Thursday, October 15, 2015

Lawsuit seeks names of candidates who vied for Trenton prosecutor position.

Trenton Mayor
Eric E. Jackson
On December 15, 2015, 10 a.m., Mercer County Assignment judge Mary C. Jacobson will hear argument on whether the City of Trenton must disclose the identities and resumes of those who sought to become the City's chief municipal prosecutor but were passed over for that position.  

At issue in Paff v. City of Trenton, et al, Docket No. MER-L-2152-15 is the proper interpretation of Executive Order No. 26 which was issued by Governor James McGreevey in 2002.  According to the Executive Order, while the resume of the successful candidate is a public record after the position has been filled, the resumes of those who didn't get the position may be disclosed "only where the unsuccessful candidate has consented to such disclosure."  Walter M. Luers of Clinton is my attorney in the matter.

In my July 23, 2015 Open Public Records Act (OPRA) request for the unsuccessful candidates' resumes and identities, I argued that since the City refused to disclose the names of those who sought the chief prosecutor's position, I had no way of knowing whether or not those candidates consented to the release of their resumes.  I specifically asked the City, if it denied my request, to "set forth the basis of [its] knowledge that the candidate who submitted the resume does not consent to its disclosure."  Unfortunately, City officials denied my request without addressing whether or not the unsuccessful candidates consented to disclosure of their resumes or were even asked for their consent.

The appointment at issue is controversial.  The City appointed Kimberley Wilson as chief municipal prosecutor earlier this year.  In a news article about the appointment, the Trentonian described Wilson as "a former city attorney with no previous experience as a prosecutor who was forced out as interim law director in 2011 by now-convicted former Mayor Tony Mack and later resigned from another position in Hoboken."  I believe it is in the public's interest to know the identities and qualifications of the other candidates so that the public can better determine if the City's selection of Wilson was reasonable and prudent.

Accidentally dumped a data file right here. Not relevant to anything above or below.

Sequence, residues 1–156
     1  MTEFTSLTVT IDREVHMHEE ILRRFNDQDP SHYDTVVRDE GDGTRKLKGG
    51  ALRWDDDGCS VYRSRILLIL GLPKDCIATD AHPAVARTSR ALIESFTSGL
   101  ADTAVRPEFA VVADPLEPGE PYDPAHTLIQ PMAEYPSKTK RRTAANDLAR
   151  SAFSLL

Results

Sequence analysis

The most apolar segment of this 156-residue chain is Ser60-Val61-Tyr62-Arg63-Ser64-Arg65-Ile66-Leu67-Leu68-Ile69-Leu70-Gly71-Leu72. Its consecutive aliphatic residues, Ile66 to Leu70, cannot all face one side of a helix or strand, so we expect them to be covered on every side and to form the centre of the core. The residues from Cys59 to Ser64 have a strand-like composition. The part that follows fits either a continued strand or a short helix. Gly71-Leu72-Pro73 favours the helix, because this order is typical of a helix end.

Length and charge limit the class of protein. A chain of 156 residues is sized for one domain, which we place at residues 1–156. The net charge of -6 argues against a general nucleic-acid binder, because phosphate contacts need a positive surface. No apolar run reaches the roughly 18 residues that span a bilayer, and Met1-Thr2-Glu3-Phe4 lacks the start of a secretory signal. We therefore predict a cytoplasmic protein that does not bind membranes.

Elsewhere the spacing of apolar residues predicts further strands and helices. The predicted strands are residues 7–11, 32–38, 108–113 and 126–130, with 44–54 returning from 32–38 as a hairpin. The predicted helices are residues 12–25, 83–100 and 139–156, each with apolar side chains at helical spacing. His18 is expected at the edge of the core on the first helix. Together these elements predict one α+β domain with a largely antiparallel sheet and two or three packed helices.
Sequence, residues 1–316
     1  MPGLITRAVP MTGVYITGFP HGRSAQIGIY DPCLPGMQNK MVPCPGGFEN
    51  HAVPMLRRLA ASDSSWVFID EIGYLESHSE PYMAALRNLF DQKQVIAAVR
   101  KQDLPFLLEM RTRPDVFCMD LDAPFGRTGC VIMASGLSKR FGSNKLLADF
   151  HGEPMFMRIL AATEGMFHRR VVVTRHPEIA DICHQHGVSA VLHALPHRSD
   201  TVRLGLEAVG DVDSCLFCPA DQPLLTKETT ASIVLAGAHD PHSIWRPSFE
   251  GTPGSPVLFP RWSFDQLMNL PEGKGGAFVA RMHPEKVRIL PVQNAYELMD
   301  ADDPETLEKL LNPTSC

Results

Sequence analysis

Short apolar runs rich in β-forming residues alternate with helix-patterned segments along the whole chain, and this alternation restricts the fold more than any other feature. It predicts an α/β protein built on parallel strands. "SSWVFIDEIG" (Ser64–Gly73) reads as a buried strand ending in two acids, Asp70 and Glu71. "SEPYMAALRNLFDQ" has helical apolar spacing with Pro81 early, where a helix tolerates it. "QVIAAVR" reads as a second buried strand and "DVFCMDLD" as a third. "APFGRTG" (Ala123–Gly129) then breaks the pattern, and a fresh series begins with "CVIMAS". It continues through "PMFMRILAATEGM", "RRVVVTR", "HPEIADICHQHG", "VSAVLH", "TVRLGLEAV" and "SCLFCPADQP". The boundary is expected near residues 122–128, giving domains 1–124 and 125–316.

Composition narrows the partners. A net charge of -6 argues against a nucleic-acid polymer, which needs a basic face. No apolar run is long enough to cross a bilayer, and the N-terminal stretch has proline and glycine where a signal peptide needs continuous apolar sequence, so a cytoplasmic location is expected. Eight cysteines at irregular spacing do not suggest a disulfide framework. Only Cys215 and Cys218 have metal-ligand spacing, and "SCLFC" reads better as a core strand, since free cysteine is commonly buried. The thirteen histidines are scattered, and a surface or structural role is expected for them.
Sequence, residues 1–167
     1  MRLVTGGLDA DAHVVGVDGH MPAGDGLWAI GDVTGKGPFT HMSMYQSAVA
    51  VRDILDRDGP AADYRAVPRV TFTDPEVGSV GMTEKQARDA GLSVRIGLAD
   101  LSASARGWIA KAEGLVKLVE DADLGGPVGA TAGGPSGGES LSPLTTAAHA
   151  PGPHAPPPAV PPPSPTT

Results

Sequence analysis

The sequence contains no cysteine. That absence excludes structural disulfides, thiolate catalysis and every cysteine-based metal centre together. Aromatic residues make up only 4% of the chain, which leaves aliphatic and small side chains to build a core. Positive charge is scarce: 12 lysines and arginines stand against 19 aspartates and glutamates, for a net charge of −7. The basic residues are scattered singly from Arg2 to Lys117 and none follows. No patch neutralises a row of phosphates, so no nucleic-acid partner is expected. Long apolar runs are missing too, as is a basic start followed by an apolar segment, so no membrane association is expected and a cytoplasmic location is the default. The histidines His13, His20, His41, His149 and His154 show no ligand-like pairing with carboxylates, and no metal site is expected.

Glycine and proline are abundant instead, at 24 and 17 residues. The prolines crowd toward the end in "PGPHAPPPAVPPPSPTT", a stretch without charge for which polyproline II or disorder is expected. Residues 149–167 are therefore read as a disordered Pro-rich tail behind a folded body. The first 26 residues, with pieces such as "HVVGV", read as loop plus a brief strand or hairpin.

Wednesday, October 14, 2015

Pinelands Commission settles OPRA case filed by watchdog group.

On May 20, 2015, the New Jersey Pinelands Commission agreed to settle a July 2014 Open Public Records Act (OPRA) lawsuit filed by the Pinelands Preservation Alliance.  At issue was the Alliance's March 4, 2014 OPRA request which sought records related to a Memorandum of Agreement between the Commission and the New Jersey Board of Public Utilities regarding construction of a controversial natural gas pipeline in the Pinelands region.  The OPRA request, which was submitted on the Alliance's behalf by Pennington attorney Michael L. Pisauro, contained sixteen numbered paragraphs each seeking a separate category of records.

In its May 30, 2014 response to the OPRA request, the Commission, noting that Pisauro and Theresa Lettman reviewed the file on May 12, 2014 and scanned certain documents within it, denied the request for being "overly broad, redundant or fail[ing] to identify" the records sought. While some records were disclosed with the response, access to other, unidentified records was denied based on the inter-agency, advisory or deliberative (ACD) exemption.

In its brief, the Alliance argued that its requests were reasonably specific and could not be subject to the ACD exemption because they were between the Commission and the BPU, which it described as being "in essence the applicant in this instance."  "If all communications between an applicant and the Commission are deliberative the Commission has found a way to circumvent a vast majority of the OPRA law," Pisauro argued on the Alliance's behalf.  Pisauro also argued that the Commission's failure to "clearly identify which documents they believe to be deliberative" is a "fatal flaw in the Commission's response."

The Settlement agreement discloses that after the lawsuit was filed, the Commission produced additional records on September 15, September 29, October 9, October 22, October 23 and November 20, 2014.  While the records later disclosed are not identified, any person could obtain them by submitting an OPRA request.  The Commission also agreed to pay $4,000 to Pisauro for his legal fees.

The lawsuit, brief and settlement agreements are on-line here.

Thursday, October 8, 2015

Councilman seeks access to texts and e-mails Councilwoman sent and received during meeting.


Sayreville Councilman
Art Rittenbouse
On September 24, 2015, a Sayreville Borough (Middlesex County) Council member filed a Government Records Council (GRC) complaint after the the Borough denied him access to e-mails and texts a colleague sent and received during the August 24, 2015 Borough Council meeting.